I managed to keep it AC coupled for almost a week and enjoyed every second of it, giving me a thrill every time I listened and I always walked away pleased. To say the least, no longer will people who can’t solder and are forced to contend with AC coupled UCD modules have to suffer outside of the pack!

However the curiosity of DC coupling got the better of me before too long, film caps might be superior to electrolytics but they aren’t a wire by any means. Replacing them with one really exploded the sound in every way and every direction. I told a few people of my initial impression when I first heard it AC coupled, that it dropped my jaw and blew my mind within the first five seconds. I had some high expectations of them given the latest level of performance from my modified modules, which it exceeded easily even while AC coupled, embarrassing the sound I’d come to know, and now just days later I was picking my jaw up off the floor a second time and nodding in approval.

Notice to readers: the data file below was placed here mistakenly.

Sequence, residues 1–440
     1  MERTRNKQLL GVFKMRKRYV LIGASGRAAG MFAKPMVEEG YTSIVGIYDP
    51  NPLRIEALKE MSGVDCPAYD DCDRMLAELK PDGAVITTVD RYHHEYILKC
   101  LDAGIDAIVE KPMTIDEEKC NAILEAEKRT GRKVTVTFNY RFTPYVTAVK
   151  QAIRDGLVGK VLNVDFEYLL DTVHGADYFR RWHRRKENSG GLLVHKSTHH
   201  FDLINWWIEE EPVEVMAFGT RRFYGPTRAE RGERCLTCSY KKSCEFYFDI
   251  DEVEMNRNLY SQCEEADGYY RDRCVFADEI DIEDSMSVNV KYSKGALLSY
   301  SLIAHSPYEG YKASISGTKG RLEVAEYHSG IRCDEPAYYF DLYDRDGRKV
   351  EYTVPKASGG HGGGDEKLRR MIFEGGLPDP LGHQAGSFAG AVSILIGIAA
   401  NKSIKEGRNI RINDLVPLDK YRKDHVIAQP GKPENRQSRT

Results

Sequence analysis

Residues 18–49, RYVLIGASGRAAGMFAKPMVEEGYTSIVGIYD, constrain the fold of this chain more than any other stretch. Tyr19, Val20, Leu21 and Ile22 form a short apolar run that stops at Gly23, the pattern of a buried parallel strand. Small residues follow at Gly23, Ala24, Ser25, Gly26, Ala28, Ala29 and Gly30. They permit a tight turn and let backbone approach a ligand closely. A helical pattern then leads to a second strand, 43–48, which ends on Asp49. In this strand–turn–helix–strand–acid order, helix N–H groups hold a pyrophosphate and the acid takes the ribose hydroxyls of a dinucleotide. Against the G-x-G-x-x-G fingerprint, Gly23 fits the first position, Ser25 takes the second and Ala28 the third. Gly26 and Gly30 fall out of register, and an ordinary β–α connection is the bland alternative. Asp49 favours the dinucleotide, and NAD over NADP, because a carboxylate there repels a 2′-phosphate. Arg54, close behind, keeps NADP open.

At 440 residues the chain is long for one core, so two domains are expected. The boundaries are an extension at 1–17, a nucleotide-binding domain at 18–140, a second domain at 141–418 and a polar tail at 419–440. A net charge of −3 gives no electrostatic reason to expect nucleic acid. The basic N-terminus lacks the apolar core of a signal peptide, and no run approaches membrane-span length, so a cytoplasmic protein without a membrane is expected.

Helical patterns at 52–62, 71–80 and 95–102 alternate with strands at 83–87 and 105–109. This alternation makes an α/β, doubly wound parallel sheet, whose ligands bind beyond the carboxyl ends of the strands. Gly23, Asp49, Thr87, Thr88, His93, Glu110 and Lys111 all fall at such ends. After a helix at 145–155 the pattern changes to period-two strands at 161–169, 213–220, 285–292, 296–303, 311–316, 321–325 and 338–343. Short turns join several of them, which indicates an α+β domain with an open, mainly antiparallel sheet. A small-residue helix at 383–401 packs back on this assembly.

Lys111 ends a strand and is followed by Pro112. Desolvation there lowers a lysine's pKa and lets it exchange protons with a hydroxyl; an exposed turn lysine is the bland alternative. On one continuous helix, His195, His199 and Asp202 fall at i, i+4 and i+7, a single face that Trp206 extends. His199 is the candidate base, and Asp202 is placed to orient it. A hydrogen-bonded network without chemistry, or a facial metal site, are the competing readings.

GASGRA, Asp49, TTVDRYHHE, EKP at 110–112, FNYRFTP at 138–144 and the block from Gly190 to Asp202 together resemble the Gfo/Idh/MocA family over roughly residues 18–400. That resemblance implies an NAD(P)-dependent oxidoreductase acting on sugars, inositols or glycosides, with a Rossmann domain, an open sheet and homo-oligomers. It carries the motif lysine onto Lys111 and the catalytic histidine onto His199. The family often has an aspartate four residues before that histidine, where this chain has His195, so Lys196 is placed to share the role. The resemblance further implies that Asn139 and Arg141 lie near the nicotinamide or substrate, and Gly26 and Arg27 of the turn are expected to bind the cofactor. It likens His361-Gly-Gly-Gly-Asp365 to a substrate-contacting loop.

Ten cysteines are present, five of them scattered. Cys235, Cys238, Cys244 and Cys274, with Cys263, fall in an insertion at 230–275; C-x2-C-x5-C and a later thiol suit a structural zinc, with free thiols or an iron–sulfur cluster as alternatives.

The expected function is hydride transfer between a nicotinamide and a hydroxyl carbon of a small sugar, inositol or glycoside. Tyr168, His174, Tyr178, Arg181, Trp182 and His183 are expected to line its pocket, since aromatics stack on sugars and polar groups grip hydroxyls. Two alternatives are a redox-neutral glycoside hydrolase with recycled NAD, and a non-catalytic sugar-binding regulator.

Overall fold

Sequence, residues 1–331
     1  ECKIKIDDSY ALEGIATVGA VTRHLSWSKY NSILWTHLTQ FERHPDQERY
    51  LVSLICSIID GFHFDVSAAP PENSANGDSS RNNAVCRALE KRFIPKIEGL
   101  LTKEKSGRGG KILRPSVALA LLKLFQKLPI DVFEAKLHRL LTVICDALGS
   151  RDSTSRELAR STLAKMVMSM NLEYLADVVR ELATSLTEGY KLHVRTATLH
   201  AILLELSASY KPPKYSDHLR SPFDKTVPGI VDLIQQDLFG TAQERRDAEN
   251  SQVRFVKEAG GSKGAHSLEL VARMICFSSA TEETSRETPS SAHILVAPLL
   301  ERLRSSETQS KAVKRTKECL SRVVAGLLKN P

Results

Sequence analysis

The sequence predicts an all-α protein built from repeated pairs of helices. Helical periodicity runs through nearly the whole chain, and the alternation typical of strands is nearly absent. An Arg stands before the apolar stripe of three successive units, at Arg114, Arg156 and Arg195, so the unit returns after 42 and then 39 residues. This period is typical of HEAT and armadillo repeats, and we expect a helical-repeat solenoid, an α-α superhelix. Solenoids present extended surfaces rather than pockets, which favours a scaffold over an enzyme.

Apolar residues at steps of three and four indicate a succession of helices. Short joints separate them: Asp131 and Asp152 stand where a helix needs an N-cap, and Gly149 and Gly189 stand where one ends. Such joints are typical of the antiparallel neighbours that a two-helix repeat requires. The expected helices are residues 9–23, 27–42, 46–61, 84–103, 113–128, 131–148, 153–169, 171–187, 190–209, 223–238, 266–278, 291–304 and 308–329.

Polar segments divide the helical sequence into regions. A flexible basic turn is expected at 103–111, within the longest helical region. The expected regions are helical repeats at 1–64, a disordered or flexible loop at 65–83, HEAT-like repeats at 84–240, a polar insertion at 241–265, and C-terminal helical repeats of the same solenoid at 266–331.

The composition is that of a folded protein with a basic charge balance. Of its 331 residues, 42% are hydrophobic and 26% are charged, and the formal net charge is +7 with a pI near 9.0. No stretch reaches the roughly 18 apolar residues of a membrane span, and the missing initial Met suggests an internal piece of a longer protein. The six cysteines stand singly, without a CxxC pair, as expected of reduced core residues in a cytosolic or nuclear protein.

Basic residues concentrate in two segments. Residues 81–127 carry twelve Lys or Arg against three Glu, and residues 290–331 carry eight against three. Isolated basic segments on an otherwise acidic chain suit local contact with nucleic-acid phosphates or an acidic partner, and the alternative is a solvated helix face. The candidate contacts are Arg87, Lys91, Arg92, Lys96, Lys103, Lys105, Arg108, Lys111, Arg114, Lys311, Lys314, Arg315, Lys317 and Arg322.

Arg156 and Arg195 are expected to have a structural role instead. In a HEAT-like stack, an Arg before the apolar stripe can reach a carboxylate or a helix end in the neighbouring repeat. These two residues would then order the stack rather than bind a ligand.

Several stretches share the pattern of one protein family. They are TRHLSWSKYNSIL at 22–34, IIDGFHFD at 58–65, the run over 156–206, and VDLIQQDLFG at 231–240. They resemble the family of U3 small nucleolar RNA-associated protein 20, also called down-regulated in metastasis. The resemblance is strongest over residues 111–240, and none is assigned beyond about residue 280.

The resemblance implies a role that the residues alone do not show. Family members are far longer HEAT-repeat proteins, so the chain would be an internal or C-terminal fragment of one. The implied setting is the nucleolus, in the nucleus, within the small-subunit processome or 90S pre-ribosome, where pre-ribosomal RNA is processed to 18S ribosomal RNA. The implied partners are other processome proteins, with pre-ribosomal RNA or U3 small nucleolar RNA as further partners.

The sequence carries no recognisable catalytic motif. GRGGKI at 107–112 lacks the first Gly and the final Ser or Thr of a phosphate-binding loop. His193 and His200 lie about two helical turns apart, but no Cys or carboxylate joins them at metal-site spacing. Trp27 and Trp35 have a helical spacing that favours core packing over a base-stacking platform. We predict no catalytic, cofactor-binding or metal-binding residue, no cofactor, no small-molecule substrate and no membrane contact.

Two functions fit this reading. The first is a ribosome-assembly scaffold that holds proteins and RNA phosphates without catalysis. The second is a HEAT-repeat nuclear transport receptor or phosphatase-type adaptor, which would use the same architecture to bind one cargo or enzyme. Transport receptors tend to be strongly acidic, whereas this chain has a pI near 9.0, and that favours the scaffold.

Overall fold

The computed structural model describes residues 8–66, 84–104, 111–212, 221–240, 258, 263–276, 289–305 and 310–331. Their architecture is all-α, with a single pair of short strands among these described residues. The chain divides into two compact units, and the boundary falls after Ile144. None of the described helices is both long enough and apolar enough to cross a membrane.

The low frequencies never lacked in reach, but now picked up some bolder power. It’s able to hit those notes that make one feel uncomfortable with authority and insanely tight grip that’s just fun to experience.

The level of air conveyed is simply correct and convincing whether it’s with vocals, wind, strings, or cymbals. One of the neatest things is the impression of hearing the sticks themselves as they crash into the cymbals. Give 10000 Days Wings Pt 2 by Tool a try and maybe you’ll see what I mean.

The soundstage is just as dimensionless as while AC coupled, only now it has exploded and dissolves the room entirely, replacing it with pure ambience that only changes along with the album being played. You really get the impression of true ambience as it's recorded into the source, it’s a treat.

This amp has good authority and remarkable control. The level of refinement towards a convincing reproduction and natural, correct sound is astonishing. Hypex did an excellent job of voicing it via their selection of components. The skin on this drum is tight and it sounds like it. This degree of refinement could almost take getting used to if it weren’t just so correct, it ends up pleasing out of the box and after just a few days it’s hard to imagine liking anything else.